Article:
The Greek word (haiʹre·sis, from which comes the English word “heresy”) thus translated means “choice” (Le 22:18, LXX) or “that which is chosen,” hence “a body of men separating themselves from others and following their own tenets [a sect or party].” (Thayer’s Greek-English Lexicon of the New Testament, 1889, p. 16) This term is applied to the adherents of the two prominent branches of Judaism, the Pharisees and Sadducees. (Ac 5:17; 15:5; 26:5) Non-Christians also called Christianity a “sect” or “the sect of the Nazarenes,” possibly viewing it as a break-off from Judaism.—Ac 24:5, 14; 28:22.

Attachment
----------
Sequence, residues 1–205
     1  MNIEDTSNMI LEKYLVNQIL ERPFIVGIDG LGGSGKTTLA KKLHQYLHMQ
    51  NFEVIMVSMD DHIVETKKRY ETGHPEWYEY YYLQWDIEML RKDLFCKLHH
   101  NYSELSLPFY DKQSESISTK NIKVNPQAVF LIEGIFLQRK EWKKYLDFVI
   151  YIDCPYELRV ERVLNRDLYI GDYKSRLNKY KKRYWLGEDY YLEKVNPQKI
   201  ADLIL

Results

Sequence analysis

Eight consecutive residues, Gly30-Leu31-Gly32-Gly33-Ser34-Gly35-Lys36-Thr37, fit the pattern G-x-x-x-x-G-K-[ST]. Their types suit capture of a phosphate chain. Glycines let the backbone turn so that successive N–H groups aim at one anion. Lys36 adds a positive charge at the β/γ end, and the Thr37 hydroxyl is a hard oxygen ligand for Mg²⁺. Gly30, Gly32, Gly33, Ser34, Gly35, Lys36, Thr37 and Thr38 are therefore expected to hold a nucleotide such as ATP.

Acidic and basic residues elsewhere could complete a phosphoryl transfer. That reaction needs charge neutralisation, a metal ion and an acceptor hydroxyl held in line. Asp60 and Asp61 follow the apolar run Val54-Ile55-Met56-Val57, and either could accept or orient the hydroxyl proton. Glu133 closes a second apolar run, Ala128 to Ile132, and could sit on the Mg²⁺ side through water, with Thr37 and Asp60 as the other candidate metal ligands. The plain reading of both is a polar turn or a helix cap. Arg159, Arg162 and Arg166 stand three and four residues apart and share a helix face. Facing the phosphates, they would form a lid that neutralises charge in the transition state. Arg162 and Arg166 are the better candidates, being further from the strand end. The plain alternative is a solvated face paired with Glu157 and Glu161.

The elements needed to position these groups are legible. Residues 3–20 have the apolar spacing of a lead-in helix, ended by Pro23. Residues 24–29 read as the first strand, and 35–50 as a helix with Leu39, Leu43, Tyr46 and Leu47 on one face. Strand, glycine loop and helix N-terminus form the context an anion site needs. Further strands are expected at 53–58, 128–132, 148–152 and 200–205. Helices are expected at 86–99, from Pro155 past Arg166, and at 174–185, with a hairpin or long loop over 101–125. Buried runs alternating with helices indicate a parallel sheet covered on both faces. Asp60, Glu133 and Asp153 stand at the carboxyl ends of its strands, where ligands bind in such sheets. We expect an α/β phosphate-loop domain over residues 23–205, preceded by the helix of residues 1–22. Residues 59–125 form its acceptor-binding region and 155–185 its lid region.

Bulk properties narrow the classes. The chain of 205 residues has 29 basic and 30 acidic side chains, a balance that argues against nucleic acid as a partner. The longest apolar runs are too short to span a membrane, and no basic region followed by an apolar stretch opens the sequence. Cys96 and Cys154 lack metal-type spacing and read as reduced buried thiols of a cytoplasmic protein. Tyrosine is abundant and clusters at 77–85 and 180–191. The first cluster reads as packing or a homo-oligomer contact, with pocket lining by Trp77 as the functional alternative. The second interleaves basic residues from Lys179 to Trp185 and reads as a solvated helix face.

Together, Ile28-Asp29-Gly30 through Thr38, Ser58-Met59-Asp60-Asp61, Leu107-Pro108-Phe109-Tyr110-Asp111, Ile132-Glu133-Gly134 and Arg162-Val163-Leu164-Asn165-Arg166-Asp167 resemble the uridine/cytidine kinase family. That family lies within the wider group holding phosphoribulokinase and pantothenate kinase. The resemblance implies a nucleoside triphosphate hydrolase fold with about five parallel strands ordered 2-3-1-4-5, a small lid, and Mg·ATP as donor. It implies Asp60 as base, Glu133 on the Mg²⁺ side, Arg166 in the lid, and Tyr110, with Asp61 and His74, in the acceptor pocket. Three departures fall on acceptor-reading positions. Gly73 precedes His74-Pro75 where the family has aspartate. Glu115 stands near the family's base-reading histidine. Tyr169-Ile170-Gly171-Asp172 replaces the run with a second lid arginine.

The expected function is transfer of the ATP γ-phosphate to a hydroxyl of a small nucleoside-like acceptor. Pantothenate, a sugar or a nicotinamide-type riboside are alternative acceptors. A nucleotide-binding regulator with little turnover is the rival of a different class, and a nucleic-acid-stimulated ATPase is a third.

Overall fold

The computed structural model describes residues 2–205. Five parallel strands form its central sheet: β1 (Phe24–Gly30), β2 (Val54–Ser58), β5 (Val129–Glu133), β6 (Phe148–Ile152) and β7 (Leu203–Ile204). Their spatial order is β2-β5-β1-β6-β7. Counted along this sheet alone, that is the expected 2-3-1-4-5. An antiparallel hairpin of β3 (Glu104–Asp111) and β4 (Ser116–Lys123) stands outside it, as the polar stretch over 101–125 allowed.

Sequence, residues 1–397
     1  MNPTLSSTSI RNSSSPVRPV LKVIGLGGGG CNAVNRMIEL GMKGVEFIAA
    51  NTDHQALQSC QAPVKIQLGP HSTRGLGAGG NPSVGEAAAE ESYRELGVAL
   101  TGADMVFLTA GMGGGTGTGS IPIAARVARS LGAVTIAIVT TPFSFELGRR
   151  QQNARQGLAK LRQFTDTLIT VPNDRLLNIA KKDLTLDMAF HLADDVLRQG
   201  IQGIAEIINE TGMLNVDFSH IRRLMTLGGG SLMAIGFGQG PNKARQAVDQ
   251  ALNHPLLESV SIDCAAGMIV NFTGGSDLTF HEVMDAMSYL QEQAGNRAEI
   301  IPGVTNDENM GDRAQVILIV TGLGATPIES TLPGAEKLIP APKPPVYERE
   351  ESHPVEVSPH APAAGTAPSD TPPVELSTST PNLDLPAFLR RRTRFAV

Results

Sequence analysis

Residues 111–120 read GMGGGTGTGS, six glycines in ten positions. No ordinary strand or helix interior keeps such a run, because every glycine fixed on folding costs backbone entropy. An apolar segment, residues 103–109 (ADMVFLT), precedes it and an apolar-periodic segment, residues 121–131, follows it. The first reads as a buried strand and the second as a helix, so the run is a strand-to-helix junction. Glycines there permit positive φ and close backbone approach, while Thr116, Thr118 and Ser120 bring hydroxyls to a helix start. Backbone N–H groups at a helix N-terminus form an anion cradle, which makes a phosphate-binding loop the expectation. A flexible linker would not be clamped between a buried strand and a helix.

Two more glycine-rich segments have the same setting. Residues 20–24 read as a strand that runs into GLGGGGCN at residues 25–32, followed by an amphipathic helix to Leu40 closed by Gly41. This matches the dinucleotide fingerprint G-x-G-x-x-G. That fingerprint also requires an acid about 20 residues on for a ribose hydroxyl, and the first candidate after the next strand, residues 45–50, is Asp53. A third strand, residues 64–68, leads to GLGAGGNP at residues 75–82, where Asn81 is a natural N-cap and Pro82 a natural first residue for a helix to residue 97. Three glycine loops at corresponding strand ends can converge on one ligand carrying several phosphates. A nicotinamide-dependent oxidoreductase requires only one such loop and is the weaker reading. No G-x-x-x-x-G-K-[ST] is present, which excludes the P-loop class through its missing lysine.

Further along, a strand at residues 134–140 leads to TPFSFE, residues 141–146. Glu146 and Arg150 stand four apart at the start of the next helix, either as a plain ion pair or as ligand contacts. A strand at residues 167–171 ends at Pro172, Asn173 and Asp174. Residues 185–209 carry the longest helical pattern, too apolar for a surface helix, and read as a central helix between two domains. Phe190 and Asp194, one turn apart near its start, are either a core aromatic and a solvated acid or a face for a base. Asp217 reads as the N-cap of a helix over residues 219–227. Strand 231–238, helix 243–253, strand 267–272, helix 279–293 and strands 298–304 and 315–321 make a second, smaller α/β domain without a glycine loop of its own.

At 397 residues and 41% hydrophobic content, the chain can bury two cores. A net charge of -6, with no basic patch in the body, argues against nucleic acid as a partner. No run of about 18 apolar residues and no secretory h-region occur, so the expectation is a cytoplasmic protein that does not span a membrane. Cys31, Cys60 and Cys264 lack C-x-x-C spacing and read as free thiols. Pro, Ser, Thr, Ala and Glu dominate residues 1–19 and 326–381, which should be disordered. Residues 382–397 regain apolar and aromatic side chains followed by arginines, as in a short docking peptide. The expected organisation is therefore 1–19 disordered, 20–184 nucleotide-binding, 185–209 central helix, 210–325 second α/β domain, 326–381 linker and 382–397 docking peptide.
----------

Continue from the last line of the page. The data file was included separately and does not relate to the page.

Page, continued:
The founder of Christianity, Jesus Christ, prayed that unity might prevail among his followers (Joh 17:21), and the apostles were vitally interested in preserving the oneness of the Christian congregation. (1Co 1:10; Jude 17-19) Disunity in belief could give rise to fierce disputing, dissension, and even enmity. (Compare Ac 23:7-10.) So sects were to be avoided, being among the works of the flesh. (Ga 5:19-21) Christians were warned against becoming promoters of sects or being led astray by false teachers. (Ac 20:28; 2Ti 2:17, 18; 2Pe 2:1) In his letter to Titus, the apostle Paul directed that, after being admonished twice, a man who continued promoting a sect be rejected, evidently meaning that he be expelled from the congregation. (Tit 3:10) Those who refused to become involved in creating divisions within the congregation or in supporting a particular faction would distinguish themselves by their faithful course and give evidence of having God’s approval. This is apparently what Paul meant when telling the Corinthians: “There must also be sects among you, that the persons approved may also become manifest among you.”—1Co 11:19.